Open Soon: Former "Rosie's Restaurant" Will Be Momma's Kitchen

Sisters Rachel and Tabby Sexton both started working at Rosie's Restaurant when they were only
14 years old.
Years have since passed and the old pay phone out front is long gone, but the sisters from Rush plan to soon re-open the former café as Momma's Kitchen and bring back the homemade tastes that made the place famous with local diners.

"We have a lot of work left to do," Rachel Sexton said, adding they hope to feed their first guests as early as next week.

Nancy Daniel, who worked at Rosie's for a dozen years "15 years ago or longer" visited the Sexton sisters this week as they planned and worked toward the reopening. Daniel, whose pies and cakes were among the reasons customers loved Rosie's, will be returning to the kitchen to make "all homemade" desserts for Momma's Kitchen.

"Banana Split Cake, cream pies, blackberry cobblers, homemade rolls and biscuits - everything will be homemade," Daniel said.

Tabitha "Tabby" Sexton said family-friendly flavors will be featured, with meats locally sourced from Opell's.

"We really like the hot sausage from there."

Unlike the Rosie's of old, the new restaurant will be smoke free, and open from 5 a.m. to 11 p.m. instead of around the clock.

In addition to their memories of working at Rosie's, the Sextons have a family connection to the building they've spent the past couple of months renovating. Their great-grandmother Edith Hall opened the establishment as a grocery store nearly 100 years ago. The establishment's namesake,  Rosie, was the next owner the sisters explained.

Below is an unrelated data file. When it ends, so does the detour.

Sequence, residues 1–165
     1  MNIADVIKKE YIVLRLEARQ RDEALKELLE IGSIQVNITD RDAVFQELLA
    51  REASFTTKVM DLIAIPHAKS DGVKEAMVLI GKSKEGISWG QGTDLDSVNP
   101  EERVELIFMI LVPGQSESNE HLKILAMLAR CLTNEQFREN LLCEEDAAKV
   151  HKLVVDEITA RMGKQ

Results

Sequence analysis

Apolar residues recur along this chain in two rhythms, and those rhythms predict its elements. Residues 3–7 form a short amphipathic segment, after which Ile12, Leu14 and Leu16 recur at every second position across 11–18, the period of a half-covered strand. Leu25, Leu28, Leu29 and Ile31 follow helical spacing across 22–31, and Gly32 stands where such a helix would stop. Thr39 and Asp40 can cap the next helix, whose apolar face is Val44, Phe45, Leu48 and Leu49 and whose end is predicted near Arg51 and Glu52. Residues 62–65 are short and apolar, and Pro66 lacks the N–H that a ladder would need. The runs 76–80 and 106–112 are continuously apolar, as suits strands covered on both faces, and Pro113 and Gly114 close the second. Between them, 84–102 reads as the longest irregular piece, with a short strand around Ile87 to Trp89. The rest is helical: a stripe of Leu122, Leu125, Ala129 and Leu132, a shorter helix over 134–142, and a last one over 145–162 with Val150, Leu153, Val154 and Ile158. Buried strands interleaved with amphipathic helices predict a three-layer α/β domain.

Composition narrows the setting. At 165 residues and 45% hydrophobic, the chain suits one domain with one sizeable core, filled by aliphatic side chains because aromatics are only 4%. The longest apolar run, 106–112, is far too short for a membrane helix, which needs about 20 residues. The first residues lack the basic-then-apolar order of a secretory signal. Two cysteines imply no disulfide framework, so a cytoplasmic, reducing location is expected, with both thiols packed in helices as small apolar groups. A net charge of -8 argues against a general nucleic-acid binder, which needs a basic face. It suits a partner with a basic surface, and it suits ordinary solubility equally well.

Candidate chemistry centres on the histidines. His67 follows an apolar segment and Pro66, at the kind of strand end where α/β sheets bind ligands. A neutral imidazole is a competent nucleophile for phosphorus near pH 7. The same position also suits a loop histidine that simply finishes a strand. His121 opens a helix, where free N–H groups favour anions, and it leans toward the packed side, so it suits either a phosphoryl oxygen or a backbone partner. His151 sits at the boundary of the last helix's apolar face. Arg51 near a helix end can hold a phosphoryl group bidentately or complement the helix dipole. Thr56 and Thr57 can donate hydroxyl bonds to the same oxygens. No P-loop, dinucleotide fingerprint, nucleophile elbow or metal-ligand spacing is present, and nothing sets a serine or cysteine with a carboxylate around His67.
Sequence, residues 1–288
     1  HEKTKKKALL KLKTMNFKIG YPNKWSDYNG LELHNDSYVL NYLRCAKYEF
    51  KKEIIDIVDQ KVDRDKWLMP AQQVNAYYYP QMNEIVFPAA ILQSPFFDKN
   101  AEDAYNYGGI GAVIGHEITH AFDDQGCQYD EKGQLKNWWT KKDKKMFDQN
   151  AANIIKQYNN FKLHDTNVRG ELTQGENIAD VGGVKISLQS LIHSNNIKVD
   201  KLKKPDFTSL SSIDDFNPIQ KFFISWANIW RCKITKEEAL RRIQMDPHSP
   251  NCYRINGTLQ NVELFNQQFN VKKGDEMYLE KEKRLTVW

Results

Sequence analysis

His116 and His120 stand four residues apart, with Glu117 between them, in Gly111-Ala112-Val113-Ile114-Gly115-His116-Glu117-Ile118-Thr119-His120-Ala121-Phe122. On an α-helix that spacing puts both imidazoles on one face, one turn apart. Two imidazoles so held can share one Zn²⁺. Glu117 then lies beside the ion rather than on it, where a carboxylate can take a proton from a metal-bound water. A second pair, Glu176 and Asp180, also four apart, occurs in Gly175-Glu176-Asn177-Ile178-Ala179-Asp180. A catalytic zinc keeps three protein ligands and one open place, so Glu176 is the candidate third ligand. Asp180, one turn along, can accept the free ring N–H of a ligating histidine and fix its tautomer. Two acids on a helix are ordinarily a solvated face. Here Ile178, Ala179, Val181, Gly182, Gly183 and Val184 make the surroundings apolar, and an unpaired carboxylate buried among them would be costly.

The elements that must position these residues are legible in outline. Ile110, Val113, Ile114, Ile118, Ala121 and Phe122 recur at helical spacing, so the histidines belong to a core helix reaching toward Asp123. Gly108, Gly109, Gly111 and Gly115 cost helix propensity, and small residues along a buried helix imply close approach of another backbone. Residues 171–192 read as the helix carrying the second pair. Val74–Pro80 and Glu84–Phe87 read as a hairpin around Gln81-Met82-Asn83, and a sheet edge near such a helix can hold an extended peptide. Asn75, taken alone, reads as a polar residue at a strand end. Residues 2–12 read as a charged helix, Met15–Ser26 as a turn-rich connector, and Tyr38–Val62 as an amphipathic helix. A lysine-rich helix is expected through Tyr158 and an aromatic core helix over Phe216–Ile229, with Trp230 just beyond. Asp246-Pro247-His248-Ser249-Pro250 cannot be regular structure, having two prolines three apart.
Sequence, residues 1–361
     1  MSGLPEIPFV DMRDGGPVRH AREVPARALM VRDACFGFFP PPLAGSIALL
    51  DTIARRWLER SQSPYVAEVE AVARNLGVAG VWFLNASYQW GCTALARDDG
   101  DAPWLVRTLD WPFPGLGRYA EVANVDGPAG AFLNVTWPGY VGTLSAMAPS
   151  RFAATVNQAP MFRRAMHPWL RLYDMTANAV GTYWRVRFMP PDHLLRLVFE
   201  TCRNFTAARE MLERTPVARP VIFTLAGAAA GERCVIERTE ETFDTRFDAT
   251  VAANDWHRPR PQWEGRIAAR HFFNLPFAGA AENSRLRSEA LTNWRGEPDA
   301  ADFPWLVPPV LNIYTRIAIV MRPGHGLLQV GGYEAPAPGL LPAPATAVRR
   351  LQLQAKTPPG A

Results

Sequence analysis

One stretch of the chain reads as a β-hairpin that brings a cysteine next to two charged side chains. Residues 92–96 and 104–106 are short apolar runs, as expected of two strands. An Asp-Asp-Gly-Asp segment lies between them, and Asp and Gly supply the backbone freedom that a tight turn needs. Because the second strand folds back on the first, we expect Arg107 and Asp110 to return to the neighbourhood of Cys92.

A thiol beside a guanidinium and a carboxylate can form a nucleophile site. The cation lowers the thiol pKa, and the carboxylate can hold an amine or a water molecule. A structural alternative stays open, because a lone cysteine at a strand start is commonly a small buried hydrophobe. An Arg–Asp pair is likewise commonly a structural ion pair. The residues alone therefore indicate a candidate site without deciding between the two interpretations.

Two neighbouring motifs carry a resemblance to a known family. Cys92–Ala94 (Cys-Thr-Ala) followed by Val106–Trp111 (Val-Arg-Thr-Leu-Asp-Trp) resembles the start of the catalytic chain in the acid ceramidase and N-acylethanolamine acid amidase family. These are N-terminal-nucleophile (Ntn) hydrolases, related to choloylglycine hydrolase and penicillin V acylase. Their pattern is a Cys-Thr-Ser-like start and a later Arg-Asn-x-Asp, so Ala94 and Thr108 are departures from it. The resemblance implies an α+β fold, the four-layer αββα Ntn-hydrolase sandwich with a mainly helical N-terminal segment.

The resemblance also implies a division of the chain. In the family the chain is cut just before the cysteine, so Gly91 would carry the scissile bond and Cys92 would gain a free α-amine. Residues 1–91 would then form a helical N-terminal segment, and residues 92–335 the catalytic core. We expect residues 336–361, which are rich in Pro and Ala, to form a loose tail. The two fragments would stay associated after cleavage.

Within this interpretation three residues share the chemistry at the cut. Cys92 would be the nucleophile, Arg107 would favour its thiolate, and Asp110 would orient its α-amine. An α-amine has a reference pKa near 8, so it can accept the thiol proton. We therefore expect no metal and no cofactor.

Graduates of East Carter High School, Tabby and Rachel Sexton said Momma's Kitchen may be open as early as "not this Monday but next Monday. We have a lot to get done."

Momma's Kitchen is located at 8869 US 60, Rush Kentucky. For more information, visit the new restaurant's Facebook page. Carter County Post will also provide follow-up coverage of the restaurant's opening.
The interior of the longtime local eatery has been completely renovated, along with much of the building's infrastructure.

A painting by Rosie's patron Helen Hunt indicates the establishment first welcomed customers in 1925.
Tabby Sexton points out the old pay phone in a painting of the old Rosie's Restaurant. Smiling, she explained she once depended on the phone to call her mother for a ride when she finished working inside.
Story and Photos by TIM PRESTON